We’re not so impressed with the smarmier types in the newsletter business. Those who constantly flatter their readers, tell them what they want to hear and overcharge for their less than capable services.
Here, at Normandy we’re all about ruffling feathers, telling it like it is even when it makes you yell to the heavens that we’re louts and dandies and oughta be shackled and keel-hauled before setting the dogs upon us.
And so be it.
We relish our role as outsider.
In fact, the team at Normandy is experienced enough and confident enough to weather all your bally-hoos and curses and smile like Riley through the spittle. Alas, if we could only do something about your breath….
That said, we have an idea that’s likely going to shake up the anger in quite a few of you, not least because you’re angry people to begin with (and how that costs you money in the end, dear friends, you cannot imagine). But also because you’ve grown too fond of your pet stocks – too attached to a few lovey-dovey issues in the marketplace, and we can’t afford to do that, people – no, no, no. Not if we’re serious about this game.
So, here we go.
Buckle up and listen to the takedown of a company that might have a future and might not, but whose stock looks about ready to give up the ghost – Tesla Motors (NASDAQ:TSLA).
We’ve toyed with this dinky car maker for well over a year now, pulling in profits from a number of trades that went remarkably well, and today we reveal the setup for yet another.
We’ll start with the daily chart for the last year.
Have a look –
Most prominent here is the six month head and shoulders top that appears today to be nearing completion (in blue). Should TSLA break below $220 intraday, the formation’s neckline (in red) will have been severed, and we’ll have an open technical call to sell Tesla stock outright, with a downside count that could bring her to settle in the $140 range before the decline is complete.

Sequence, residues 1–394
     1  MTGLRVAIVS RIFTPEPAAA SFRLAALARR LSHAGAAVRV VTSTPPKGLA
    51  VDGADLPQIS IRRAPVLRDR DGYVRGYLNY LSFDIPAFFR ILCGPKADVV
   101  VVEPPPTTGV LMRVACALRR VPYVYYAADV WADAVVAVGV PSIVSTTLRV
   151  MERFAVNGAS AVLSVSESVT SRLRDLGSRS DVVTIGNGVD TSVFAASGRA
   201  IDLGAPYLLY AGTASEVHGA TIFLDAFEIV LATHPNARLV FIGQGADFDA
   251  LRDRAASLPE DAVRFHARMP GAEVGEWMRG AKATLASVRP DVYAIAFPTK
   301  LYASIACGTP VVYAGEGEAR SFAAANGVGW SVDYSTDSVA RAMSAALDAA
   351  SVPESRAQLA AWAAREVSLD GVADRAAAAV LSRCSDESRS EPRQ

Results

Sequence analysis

Today, TSLA opens at $229.30, some 4% above that doomsday level.
The likelihood of a selloff, of course, will be even greater if we see a close today below $220.
We’ll have to wait and see.
What? That’s it? That’s all you got?
That’s no smoking gun…
Unfortunately, there’s more.
A glance at the weekly chart reveals that Tesla’s also in trouble over the longer term.
Have a gander –
After nearly two months struggling to remain above a two year rising trendline, Tesla stock fell off the wagon last week (in green). With that move, TSLA enters the freefall arena on the weekly chart, precisely as the weekly RSI reading submerges below her waterline (blue box) and interest in the Tesla trade weakens altogether, as seen from fast-diminishing volume figures for the stock.
It’s not a great surprise, really, when you consider that both RSI and MACD indicators have been diverging lower against Tesla’s share price for the last fourteen months (black lines). The question was never ‘if’, but when the ultimate break would come.
And we believe it’s now.
She’s Not Alone
Tesla’s not the only high flier in the market whose shares look vulnerable. A great many new momentum issues as well as some older, rusty types are showing signs of cracking amid what we’ve said for several weeks now looks like a creeping rollover top.
Stocks like McDonalds (NYSE:MCD), Caterpillar (NYSE:CAT), WalMart (NYSE:WMT) and IBM (NYSE:IBM) are all on the verge, to name just four.
But Tesla’s weakness is not only technical. She has fundamental issues, too.
• The first is a broad swath of dilettantish shareholders who can’t be relied upon to hold their shares tight through any pullback.
• And considering Daimler Benz’s recent divestiture from the stock, why shouldn’t mom and pop fold ‘em, too.
• BMW also indicated that informal talks regarding cooperation with TSLA have come to an end.
• Problems meeting demand have also got some worried about whether potential buyers of Tesla’s Model S Roadster will just turn elsewhere rather than wait for the next shipment.
We’d look at 1) a longer-term short sale, or 2) the purchase of long range PUTs against the sale of a nearer term bearish CALL spread.
Many happy returns,
Matt McAbby, Senior Analyst, Normandy Research